Indian Debt Market
Primary market is that market where the debt instruments are issued for the first time . Which can be issued as follows –
Public prospectus: invites public to buy
Private placement: Invites few selected individuals, as the cost of public issuing is quite a large
Rights issue: to the already exciting members, but they can refer to their beneficiaries in case of unwillingness to buy
However, the issuer has to inform the exchanges in case of issuing debts. To notify the investors, about associated risk changes
Secondary market is where the debt instruments can be traded. It can take place by the following two ways based on the characteristics of the investors and the structure of the market are :
Wholesale debt market segment of NSE & Over the counter of BSE : Where the investors are mostly Banks , Financial Institutions , RBI , Primary dealers , Insurance companies , Provident Funds , MFs , Corporates and FIIs .
Retail debt Market: involves participation by individual investors, small trusts and other legal entities in addition to the wholesale investor’s classes.
Types of debt Instruments
- It is the Reserve Bank of India that issues Government Securities or G-Secs on behalf of the Government of India.
- These securities have a maturity period of 1 to 30 years. G-Secs offer fixed interest rate, where interests are payable semi-annually.
- For shorter term, there are Treasury Bills or T-Bills, which are issued by the RBI for 91 days, 182 days and 364 days
- These bonds come from PSUs and private corporations and are offered for an extensive range of tenures up to 15 years.
- Comparing to Government Securities, corporate bonds carry higher risks, which depend upon the corporation, the industry where the corporation is currently operating, the current market conditions, and the rating of the corporation
Certificate of Deposit
- Certificate of Deposits (CDs), which usually offer higher returns than Bank term deposits, are issued in Demat form
- Banks can offer CDs which have maturity between 7 days and 1 year.
- CDs from financial institutions have maturity between 1 and 3 years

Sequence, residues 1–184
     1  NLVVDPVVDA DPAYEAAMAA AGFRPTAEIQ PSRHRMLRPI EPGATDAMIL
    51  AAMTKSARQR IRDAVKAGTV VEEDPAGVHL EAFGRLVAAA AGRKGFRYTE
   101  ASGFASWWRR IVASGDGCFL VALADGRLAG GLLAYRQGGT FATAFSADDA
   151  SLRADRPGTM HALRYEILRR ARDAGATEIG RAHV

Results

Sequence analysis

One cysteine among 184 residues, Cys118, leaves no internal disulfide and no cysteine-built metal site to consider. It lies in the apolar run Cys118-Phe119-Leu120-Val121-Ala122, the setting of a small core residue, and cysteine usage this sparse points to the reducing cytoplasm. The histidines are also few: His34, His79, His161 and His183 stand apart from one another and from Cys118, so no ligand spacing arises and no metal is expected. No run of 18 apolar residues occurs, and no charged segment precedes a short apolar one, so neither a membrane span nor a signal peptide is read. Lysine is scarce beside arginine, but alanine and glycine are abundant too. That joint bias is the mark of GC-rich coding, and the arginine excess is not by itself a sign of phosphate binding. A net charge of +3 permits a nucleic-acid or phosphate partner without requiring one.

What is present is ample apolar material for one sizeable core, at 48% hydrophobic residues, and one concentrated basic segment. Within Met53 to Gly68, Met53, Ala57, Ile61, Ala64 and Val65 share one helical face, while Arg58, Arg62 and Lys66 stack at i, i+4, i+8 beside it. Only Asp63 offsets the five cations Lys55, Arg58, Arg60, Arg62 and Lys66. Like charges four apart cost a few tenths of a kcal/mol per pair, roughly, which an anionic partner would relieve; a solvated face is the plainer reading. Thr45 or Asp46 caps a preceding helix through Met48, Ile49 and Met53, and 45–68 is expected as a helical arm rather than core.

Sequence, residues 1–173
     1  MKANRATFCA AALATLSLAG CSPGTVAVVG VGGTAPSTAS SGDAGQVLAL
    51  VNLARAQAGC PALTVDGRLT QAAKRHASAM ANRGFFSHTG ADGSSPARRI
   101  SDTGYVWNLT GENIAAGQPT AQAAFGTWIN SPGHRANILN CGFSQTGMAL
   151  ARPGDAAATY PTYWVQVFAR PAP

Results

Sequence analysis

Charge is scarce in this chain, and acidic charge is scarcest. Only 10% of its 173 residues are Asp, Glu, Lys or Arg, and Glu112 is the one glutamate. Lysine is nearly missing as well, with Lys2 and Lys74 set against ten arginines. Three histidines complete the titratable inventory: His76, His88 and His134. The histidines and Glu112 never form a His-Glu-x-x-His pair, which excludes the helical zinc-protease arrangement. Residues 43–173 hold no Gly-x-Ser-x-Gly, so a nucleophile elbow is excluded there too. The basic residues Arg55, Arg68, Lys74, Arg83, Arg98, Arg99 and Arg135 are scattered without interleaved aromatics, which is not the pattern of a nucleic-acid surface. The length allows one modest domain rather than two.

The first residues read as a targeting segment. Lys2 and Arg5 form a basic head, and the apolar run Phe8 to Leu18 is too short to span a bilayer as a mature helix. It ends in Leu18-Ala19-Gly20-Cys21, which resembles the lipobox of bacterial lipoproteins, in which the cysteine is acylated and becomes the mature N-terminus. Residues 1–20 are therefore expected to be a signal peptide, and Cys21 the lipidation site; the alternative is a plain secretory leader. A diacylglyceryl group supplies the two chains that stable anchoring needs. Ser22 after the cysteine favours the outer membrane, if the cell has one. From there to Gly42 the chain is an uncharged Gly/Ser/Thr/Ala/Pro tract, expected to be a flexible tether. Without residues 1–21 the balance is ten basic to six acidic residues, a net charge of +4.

- There are short term securities with maturity of 7 to 365 days.
- Structured debt is some type of debt instrument that the lender has created and adapted to fit the needs and circumstances of the borrower.
- A debt package of this type usually includes one or more incentives that encourage the debtor to do business with the lender, rather than seeking to develop a working relationship with other lenders.
- While the overall structure of the debt is adapted to the needs of the borrower, the terms also benefit the lender in the long term.
- The main goal of structured debt is to create a debt situation that provides the debtor with as many benefits as possible, while also keeping the overall debt load as low as possible
- At the same time, the lender receives an equitable return for the structured debt arrangement
|Government Securities||Central Government :
State Government :
|1. Zero Coupon bonds
2. Coupon bearing bonds
3. Treasury bills
4. Floating rate bonds
1. Coupon bearing bond
|Public sectors bonds||Government agencies , statutory bodies , public sector undertakings||1. Debentures
2. Government guaranteed bonds
3. Commercial papers
4. PSU bonds
|Private sector bonds||Corporates :
Financial Institutions :
2. Commercial papers
3. Fixed floating rate
4. Zero coupon bonds
5. Inter-corporate deposits
1. Certificate of debentures
1. Certificate of deposits